Shipping Lithium Batteries?
Monday, January 26th, 2015   Posted in:News

Rechargeable Lithium Ion batteries are found in electronic devices such as smart phones & laptops, but did you know they may be considered hazardous for air cargo transport subject to the quantity, whether they are contained in equipment and how they are packed.
Alternatively, even if not deemed hazardous an airline will need to know if they are contained in any shipment. By September 2010 the US Federal Aviation Administration (FAA) said 46 incidents of aircraft fires had been linked to cargo including lithium-ion batteries. In August 2011 we covered this topic in our first news feature about lithium batteries  https://www.executivefreightservices.co.uk/2011/do-you-ship-lithium-batteries/

Lithium batteries are continuing to spark debate.


As a result regulations since 2011 have become more restrictive, none more so than since January 2015 Lithium Metal Batteries shipped on their own (bulk) are now banned on any passenger aircraft and can only travel on freighter aircraft within specific quantity limits.

As background, research has found that Non rechargeable lithium metal batteries fitted into devices such as calculators can ignite faster than lithium ion batteries reaching temperatures around 1,093 degrees C.

Many manufacturers are responsible with their processes in manufacturing, packing and distribution. That said pilots still voice concerns on the carriage of lithium batteries in large quantities in freighter aircraft. Other suggestions have been made to further limit total numbers of lithium-ion batteries that can be carried on a single flight. CAA agenda items prior to an ICAO meet also made suggestions to further restrict the number of lithium battery items in a particular packing blister & quantities per packet. Manufacturers argue this further increase’s their costs to market whilst not addressing the bigger problem of counterfeits.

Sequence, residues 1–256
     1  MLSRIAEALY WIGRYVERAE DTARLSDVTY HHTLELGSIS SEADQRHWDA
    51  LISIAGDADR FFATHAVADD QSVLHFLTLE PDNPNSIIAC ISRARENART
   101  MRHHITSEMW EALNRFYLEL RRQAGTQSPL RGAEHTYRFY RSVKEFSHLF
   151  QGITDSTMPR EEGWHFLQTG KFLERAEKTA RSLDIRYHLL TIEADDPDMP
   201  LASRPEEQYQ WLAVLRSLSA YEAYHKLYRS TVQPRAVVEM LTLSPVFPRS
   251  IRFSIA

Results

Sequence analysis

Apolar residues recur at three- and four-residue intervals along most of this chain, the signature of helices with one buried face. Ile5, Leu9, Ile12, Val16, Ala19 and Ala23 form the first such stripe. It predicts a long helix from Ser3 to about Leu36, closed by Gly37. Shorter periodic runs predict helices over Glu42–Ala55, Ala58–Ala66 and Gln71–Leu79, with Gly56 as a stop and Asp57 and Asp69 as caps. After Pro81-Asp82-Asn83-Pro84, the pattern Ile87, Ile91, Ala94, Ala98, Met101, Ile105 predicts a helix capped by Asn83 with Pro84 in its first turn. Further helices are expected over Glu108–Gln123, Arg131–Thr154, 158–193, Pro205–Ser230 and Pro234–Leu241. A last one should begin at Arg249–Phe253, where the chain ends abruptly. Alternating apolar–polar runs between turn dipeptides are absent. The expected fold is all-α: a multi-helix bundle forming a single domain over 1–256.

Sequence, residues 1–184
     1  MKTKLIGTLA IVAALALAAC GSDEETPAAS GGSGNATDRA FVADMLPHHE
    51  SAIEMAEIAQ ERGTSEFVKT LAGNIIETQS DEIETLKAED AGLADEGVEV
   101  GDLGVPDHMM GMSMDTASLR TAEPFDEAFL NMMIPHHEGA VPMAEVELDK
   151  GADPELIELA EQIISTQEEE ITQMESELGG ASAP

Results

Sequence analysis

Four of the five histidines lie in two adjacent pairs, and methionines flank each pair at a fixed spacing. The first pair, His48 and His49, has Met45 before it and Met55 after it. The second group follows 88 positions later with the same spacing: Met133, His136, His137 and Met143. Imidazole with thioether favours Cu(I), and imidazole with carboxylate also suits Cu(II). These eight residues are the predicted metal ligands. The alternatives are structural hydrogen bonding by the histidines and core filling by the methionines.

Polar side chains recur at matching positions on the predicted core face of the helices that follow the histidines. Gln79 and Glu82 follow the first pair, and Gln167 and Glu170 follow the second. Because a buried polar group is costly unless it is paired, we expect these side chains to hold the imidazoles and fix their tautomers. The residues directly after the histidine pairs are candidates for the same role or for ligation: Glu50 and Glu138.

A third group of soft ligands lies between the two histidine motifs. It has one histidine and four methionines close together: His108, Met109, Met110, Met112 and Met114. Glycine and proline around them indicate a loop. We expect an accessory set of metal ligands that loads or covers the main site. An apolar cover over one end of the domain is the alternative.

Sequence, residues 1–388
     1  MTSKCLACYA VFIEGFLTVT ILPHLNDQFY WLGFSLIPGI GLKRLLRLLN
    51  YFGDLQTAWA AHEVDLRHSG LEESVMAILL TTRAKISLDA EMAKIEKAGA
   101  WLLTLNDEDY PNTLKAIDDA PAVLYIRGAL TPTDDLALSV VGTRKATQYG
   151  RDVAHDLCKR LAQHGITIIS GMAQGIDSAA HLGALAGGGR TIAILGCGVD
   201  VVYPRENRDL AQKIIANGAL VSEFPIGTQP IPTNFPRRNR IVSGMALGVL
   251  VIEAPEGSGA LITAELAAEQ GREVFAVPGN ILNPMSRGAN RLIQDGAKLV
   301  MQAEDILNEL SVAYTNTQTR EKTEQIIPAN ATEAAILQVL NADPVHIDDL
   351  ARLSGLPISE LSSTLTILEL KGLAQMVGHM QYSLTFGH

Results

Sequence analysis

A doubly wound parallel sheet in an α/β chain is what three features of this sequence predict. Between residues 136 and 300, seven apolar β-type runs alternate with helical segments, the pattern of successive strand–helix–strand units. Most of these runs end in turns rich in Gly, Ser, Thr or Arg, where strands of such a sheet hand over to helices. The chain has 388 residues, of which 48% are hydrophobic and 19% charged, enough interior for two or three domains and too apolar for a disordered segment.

Manufacture & distribution of counterfeit lithium batteries is another big area of concern posing a big safety risk because they are not manufactured to a high standard. Counterfeiters have targeted this industry because of the financial rewards: the industry is forecast to grow significantly – statistics estimated the industry was worth $17.5 billion in 2013 and is expected to grow to $76.4 billion in 2020.

Another issue facing the air transport industry is miss-declared and undeclared goods which includes batteries. Top x-ray equipment manufacturers are working on software to identify lithium batteries during the cargo screening process. If successful, it should prove to be a valuable tool in detecting undeclared batteries, which are more likely to be counterfeit items : legitimate and established manufacturers should be only too aware of the most current shipping regulations.

Source: BIFA dec’14

For further shipping advice on moving batteries by air (or indeed any other hazard) please call one of our IATA regulated and haz trained staff for advice.


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